Cognizant Classic in The Palm Beaches

PGA National (Champion Course)


What you need to know entering the final stroke-play round at the 2018 NCAA Championship


Shane Bevel

The legend of Karsten Creek Golf Club proceeds itself. Annually ranked among the best college golf courses in the country, the host site of the 2018 NCAA Championship is also considered one of the toughest. Good scores are earned, not gifted, as seen when the course hosted nationals in 2003 (won by Clemson with a 39-over total in 72 holes of stroke play) and 2011 (UCLA’s eight over was the low team score entering match play).

And yet, through three stroke-play rounds here in 2018, the Tom Fazio design in Stillwater, Okla., has yielded its fair share of red numbers, in part a testament to the talent on display these days in men’s college golf. Case in point: The 12-under 276 that Duke shot during Sunday’s third round. Counting Evan Katz (68), Chandler Eaton (69), Adrien Pendaries (69) and Alex Smalley (70), the Blue Devils broke the 18-hole team course record set by Northwestern on Friday (280) and broken by Alabama on Saturday (279).

“You don’t go out there planning to shoot 10 or 12 or 15 or however many under,” said Duke men’s coach Jamie Green. “You just go out there with a game plan and each guy executed as well as he probably could. There were still a lot of bumps in the road, but there was a lot of red numbers and some yellow. So it was a fun day.”

The round propelled the 28th ranked team in the country into the 54-hole lead at 10-under 854, three strokes clear of top-ranked and heavily favorite Oklahoma State and 18 strokes better than eighth-place Kent State.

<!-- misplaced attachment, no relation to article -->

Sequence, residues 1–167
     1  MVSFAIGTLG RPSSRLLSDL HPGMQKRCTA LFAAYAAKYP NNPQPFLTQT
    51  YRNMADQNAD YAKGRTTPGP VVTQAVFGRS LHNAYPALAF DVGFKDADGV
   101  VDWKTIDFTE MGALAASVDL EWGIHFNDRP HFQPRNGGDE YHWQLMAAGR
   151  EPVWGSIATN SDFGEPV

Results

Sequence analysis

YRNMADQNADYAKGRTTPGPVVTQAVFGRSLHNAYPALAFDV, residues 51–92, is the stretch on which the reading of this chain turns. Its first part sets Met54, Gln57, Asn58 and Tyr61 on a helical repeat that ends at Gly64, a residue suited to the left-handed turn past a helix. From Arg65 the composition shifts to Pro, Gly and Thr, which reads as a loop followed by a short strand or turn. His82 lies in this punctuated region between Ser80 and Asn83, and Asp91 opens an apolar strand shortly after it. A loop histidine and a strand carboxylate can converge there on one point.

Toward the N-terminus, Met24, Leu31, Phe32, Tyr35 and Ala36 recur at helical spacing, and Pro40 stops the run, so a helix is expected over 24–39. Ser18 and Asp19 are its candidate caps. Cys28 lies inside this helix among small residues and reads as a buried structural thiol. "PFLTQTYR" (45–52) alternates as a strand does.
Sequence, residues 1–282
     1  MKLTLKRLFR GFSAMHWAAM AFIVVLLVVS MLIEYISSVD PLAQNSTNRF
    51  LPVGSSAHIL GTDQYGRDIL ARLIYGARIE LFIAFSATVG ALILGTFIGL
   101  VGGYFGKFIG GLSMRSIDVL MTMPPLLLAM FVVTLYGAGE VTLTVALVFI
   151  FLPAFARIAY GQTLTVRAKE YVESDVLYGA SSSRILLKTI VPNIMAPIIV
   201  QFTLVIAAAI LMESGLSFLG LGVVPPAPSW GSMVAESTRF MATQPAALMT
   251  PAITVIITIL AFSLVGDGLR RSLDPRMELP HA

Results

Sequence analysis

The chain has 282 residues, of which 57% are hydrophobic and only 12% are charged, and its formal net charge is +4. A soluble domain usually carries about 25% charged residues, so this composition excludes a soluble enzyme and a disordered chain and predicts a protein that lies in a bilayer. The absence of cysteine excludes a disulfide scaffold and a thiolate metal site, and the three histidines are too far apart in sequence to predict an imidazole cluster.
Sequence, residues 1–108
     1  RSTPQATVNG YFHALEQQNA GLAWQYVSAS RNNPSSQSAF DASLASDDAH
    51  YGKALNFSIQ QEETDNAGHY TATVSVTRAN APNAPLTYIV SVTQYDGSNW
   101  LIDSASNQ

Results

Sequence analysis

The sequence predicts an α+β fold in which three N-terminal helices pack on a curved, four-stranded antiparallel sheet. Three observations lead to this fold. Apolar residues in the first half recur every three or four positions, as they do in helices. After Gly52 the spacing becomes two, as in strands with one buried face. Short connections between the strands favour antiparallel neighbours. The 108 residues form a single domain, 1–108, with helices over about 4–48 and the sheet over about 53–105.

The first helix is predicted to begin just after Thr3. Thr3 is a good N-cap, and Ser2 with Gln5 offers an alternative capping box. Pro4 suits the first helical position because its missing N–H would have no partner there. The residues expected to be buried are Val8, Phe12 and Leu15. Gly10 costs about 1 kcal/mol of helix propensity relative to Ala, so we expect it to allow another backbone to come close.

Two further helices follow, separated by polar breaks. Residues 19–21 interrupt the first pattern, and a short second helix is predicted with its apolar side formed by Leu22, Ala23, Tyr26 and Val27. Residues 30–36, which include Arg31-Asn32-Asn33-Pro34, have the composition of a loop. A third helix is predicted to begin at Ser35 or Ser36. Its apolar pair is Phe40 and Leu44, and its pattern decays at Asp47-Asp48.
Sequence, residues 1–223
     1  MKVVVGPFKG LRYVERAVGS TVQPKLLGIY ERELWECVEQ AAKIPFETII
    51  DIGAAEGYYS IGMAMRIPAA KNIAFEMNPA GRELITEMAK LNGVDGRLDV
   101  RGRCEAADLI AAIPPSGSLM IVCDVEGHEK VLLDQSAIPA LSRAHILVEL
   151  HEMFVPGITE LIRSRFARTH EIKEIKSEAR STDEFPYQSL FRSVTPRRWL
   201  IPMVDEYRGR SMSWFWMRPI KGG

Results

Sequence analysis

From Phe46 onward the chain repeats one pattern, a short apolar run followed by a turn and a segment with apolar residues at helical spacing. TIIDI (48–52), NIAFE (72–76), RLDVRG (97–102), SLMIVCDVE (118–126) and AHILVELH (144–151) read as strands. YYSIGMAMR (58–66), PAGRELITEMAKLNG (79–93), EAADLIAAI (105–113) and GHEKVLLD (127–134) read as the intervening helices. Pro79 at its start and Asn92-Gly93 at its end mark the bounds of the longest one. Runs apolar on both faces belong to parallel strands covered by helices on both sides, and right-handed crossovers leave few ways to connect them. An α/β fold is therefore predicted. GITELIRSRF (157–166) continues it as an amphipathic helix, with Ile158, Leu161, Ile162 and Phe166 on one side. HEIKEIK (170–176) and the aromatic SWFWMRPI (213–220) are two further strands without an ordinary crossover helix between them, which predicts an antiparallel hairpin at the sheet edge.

Yet with the good comes the bad. Lose your focus at Karsten Creek, and you’re in trouble. After Northwestern’s opening-round charge, the Wildcats shot 308 and 296 in their next two rounds and failed to stay among the top 15 teams that get to play a final stroke-play round on Monday. And so the Day 1 leaders are flying home early to Chicago.

Similarly, the Crimson Tide shot a 13-over 301 on Sunday to slip into ninth place—or outside the cutline for the eight teams that will advance to match play.

“We got punched in the mouth, and this is the first time that I remember in which we didn’t punch back,” said Alabama men's coach Jay Seawell, whose team ranks sixth in the country.

Long story short, there is a lot more work to do on Monday in Stillwater as the race for the national championship comes into fuller relief. Most eyes will be trained on the eighth-place cutline to see which schools will find their way into the match-play bracket.

Duke and Oklahoma State seem like safe bets to advance, while the remaining schools inside the bubble—Texas Tech (-3), Vanderbilt (+2), Oklahoma (+4), Auburn (+6), Texas A&M (+7) and Kent State (+8)—have little margin, if any, for error.

Breathing down their necks will be Alabama (+10), Texas (+11), Arkansas (+12), Clemson (+14), Arizona State (+16), Illinois (+17) and North Carolina (+18). Interestingly, every program left in the top 15 has advanced to match play at least once since the format was added in 2009 except for two: Clemson (which coincidentally won the team title in 2003) and North Carolina.


Shane Bevel

Sub-par scores also have been within reach as the field competes for the individual title, but again the course can get its revenge. Clemson’s Bryson Nimmer opened with a 64 and used a Sunday 68 to get back into the lead by two strokes over Auburn’s Brandon Mancheno. But Nimmer also has posted a 75 on Saturday, and is aware that nothing is given at Karsten Creek.

If Nimmer, sitting at nine under, should stumble early, there are several players ready to pounce. Twelve golfers are within six strokes of the lead, including three local favorites in OSU’s Viktor Hovland (-4), Matthew Wolff (-3) and Austin Eckroat (-3).

Nimmer is a second-generation Tiger golfer, his father, Tony, having played for the squad in the early 1980s. Turns out he was a teammate of Clemson coach Larry Penley and has been in the gallery this week at Karsten Creek.

“I think Tony is really enjoying watching Bryson have the success that he’s had,” Penley told Golfweek.

If you’re for an outsider to make a charge, keep an eye out for Texas senior Doug Ghim, sitting at six under after shooting three straight sub-par scores. Ghim won in each of his last two starts and is in position to claim national player-of-the-year honors to go with the Ben Hogan Award he earned last Monday. Plus, the Longhorns have work to do to make match play. The incentives are big, and Ghim has the game to take advantage.

So long as the legend of Karsten Creek doesn’t scare him.